Roxul isn't impermeable. You'll probably want to use the space behind the kneewalls for duct-work. With the money you save on not installing an entire 2nd system, you can either 1) use vented, dense-packed cellulose in the rafter cavity with 2" Thermax inside the rafters, or 2) add foam (search 'nailbase') to the outside of an unvented dense-packed cellulose rafter cavity.

    Animation of an interior retrofit which doesn't show the venting:

  6. GBA Editor
    Martin Holladay | | #6

    As Jesse pointed out, Roxul mineral wool insulation is air-permeable.

    You wrote, "I wasn't sure after reading the article if we could put foam above the rafters, and below the rafters, with roxul in between." This type of foam sandwich can work, but it is somewhat risky. If moisture ever accumulates in the roof assembly, it's going to have a hard time drying out. It's best to install rigid foam on just one side of the assembly -- not both.

  7. Kevin Schramm | | #7

    Thanks again for the responses. I've got some more reading to do and some more questions to ask the contractors. Jesse - Yes, the contractors were the ones making the recommendations and selling the two systems. Should I be contacting someone to come see the house and design or recommend a system and then have a separate contractor install that system? One thing I forgot to factor in when I said the house is 1500sqft is that we're planning a 400sq ft extension on the ground floor. I did make sure to tell the contractors when they priced out their systems, and they all took this information into account. Would that extra 400 sq ft make the two systems necessary? Thanks again.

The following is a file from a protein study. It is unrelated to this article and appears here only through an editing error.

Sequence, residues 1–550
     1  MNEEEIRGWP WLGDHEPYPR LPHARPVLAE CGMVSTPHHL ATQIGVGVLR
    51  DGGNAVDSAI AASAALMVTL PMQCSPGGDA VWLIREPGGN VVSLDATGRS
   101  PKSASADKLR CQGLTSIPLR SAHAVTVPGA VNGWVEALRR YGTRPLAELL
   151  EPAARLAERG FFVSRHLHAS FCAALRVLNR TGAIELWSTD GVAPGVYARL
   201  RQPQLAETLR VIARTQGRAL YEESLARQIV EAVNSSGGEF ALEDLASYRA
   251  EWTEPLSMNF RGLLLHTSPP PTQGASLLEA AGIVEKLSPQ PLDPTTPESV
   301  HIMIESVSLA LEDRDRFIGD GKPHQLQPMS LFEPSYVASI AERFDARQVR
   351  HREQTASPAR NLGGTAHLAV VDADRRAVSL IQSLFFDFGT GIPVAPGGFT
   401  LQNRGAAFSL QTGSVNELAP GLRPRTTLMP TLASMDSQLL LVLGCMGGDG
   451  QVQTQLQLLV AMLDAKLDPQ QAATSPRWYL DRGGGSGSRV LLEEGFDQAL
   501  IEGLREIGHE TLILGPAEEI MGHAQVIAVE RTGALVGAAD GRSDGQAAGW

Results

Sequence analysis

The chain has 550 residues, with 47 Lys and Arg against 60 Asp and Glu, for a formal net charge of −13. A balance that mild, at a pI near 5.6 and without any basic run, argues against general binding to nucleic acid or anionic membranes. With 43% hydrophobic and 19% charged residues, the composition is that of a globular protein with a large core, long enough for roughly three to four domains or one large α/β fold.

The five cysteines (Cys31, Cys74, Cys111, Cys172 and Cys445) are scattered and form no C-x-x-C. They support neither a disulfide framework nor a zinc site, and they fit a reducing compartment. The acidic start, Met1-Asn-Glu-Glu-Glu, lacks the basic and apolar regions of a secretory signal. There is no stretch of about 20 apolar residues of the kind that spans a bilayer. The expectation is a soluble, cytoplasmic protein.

8. Expert Member
    Dana Dorsett | | #8

    If you limit the interior side roof deck foam to an inch of closed cell spray foam (~R6) there is no issue of trapping moisture in the roof-deck, but at 2" or more the drying rates would be super-slow. An inch of closed cell is about 1perm, give or take, at most a bare minimalist class-II vapor retarder.

    Alternatively, with Icynene's high-density open cell foam (MD-R-200) you wouldn't get down to 1 perm until it's 4" thick (R20, the IRC prescriptive minimum for zone 5) and still a very acceptable 1.3 perms @ 3" (R15, the IRC prescriptive minimum for zone 4.) See:

    But if it's rigid foam boards, putting it on the exterior of the roof deck is by far the better solution.

    But IRC prescriptive R aside, 2" of closed cell spray foam on the underside of the roof deck would be sufficient vapor-retarder + non-wicking condensing surface to be able to use Roxul on the interior, and would still allow the roof deck to dry. See table 3 in this document (and at least skim-read the whole thing for context.)

  9. Expert Member
    Dana Dorsett | | #9

    On the mechanicals front: Almost all available gas furnaces are already oversized for the heat load of a code-min 1500-2500 house in climate zones 4 & 5, and TWO of them would be ridiculous!

    Even though L.I. electricity prices are some of the highest in the lower-48, it's probably better/cheaper overall to do the whole thing with a single right-sized high-efficiency variable speed air source heat pump like the Bryant Evolution Extreme series (heat pump only, not the hybrid, at your likely heat loads) than two furnaces PLUS central AC.